When it comes to children in crisis, India has no rival. The pervasive brokenness within Indian society is harshest for its 44 million vulnerable children.1 High rates of orphanhood, exploitation, and enslavement radiate from a generations-deep poverty cycle.
India has the highest orphan population in the world. The orphan epidemic has robbed 25.7 million children2 threefold:
Without parental protection and care, vulnerable children fall prey to predators who are always on the lookout for child sex slaves or forced laborers.
Surviving on the streets is no carefree childhood—orphans must scavenge daily for a bite to eat to survive.
The future is grim. With no education or training, there is little hope for escaping the brokenness.
Both boys and girls are orphaned, but girls have it especially rough. Although it is officially outlawed, many mothers abort female babies before birth.5 And girls who survive the womb are often without protection and are targeted, exploited, and enslaved more so than males.
Without intervention, generation after generation will be robbed and girls will continue to be victimized.
The unthinkable is happening each day in the red-light districts of India.
Little girls—some as young as 7 or 8 years old—are being forced into the sex trade.3
The hopelessness of extreme poverty spurs on destructive, treacherous situations that put children, and especially girls, at great risk.
Many girls are kidnapped and abducted . . . others are deceived and mislead by promises for a better life . . . and some are victims of second-generation enslavement because their mothers are also enslaved.
Life as a sex slave is horrific, full of terror, abuse, and neglect. We’re told from inside sources that most sex slaves die between 35 and 40 years of age.
Any way you look at it, life in the sex trade is not much of a life.
The paths to sexual enslavement vary, but the result is always the same: destruction of a life, both in quality and duration.
- Step 1:
- A Remote, Rural Village
a destitute family struggles to survive each day with no means, no education, no opportunity for a different life
- Step 2:
- An Offer of Escape
a stranger approaches the family of a young girl and offers to give her everything they cannot: food, work, escape from the poverty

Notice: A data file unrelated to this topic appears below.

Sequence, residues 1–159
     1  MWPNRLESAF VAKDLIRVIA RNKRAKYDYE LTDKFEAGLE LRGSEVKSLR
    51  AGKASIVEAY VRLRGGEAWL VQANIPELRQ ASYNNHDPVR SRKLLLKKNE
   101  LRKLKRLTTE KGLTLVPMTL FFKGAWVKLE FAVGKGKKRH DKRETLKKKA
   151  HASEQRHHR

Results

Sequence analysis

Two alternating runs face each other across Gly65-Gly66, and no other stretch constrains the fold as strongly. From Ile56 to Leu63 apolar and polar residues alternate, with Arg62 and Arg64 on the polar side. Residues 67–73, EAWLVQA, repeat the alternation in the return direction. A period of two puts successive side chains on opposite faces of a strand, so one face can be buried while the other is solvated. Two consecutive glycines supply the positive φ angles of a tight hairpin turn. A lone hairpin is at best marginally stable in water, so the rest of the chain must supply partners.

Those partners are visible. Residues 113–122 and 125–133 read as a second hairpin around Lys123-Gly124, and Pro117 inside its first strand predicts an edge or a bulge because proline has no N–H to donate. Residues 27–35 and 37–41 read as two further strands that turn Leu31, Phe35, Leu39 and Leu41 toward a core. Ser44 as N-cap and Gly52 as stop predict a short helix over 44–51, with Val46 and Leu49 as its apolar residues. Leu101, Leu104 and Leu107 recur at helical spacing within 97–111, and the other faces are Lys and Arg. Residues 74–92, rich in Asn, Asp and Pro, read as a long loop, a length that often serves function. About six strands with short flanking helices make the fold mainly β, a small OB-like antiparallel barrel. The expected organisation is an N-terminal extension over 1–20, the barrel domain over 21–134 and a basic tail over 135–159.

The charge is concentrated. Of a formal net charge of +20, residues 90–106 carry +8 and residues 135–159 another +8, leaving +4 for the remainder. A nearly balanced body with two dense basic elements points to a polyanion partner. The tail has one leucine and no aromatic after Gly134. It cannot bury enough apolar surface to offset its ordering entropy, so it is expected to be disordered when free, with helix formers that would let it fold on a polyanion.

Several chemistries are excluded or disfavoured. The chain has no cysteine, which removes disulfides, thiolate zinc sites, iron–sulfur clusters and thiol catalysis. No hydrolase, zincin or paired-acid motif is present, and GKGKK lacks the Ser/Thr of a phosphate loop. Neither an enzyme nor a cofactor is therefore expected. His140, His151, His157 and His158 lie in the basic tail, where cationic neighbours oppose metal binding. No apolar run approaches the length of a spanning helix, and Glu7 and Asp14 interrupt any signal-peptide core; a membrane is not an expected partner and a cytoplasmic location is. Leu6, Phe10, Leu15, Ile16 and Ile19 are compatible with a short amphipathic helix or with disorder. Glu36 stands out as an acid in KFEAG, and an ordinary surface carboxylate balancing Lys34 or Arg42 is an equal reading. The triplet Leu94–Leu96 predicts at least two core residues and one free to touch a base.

- Step 3:
- A Desperate Hope
the family entrusts her to the stranger with great hope for her new life
- Step 4:
- A new Life
the girl is taken to her new home and place of employment: a brothel; neither the girl nor her family has ever heard of such a place
- Step 5:
- Initial Terror
for days, the girl is kept naked in a cold and dark room with no food or care—the confusion and terror are overwhelming
- Step 6:
- A Brutal Orientation
multiple men repeatedly rape and torture the girl, warning her that attempts to resist or escape will result in the murder of her family
- Step 7:
- A Dark Reality
the abuse, torture, and threats have done their work: the girl gives up, yielding to her new existence as a lifelong slave
- Step 8:
- A Hopeless Existence
once enslaved, the girl faces a lifetime of rapes, abuses, pregnancies, abortions, health problems, illnesses, diseases, AIDS, and eventually death
More than 700 million people in India live on just $2 a day.6
Broken communities in extreme poverty cannot offer the people help or resources for a better tomorrow. In desperation, adults value children merely for the profit they can earn.
According to a report by Human Rights Watch, more than 15 million children in India are bonded laborers forced to work long hours in harsh conditions with little care given for their well being or their future.7
Young children are recruited and forced into organized begging, construction work, and factory jobs. Pursuit of a primary education is a rarity. Abuse and neglect are rampant. Such conditions perpetuate the poverty cycle and increase exploitation and enslavement.
- Operation World
- India Human Rights Report, submitted to the Congress of the United States of America by the Department of State http://www.ncbuy.com/reference/country/humanrights.html?code=in&sec=6f
- US Dept. of State, Country Reports on Human Rights Practices, 1999, 25 February 2000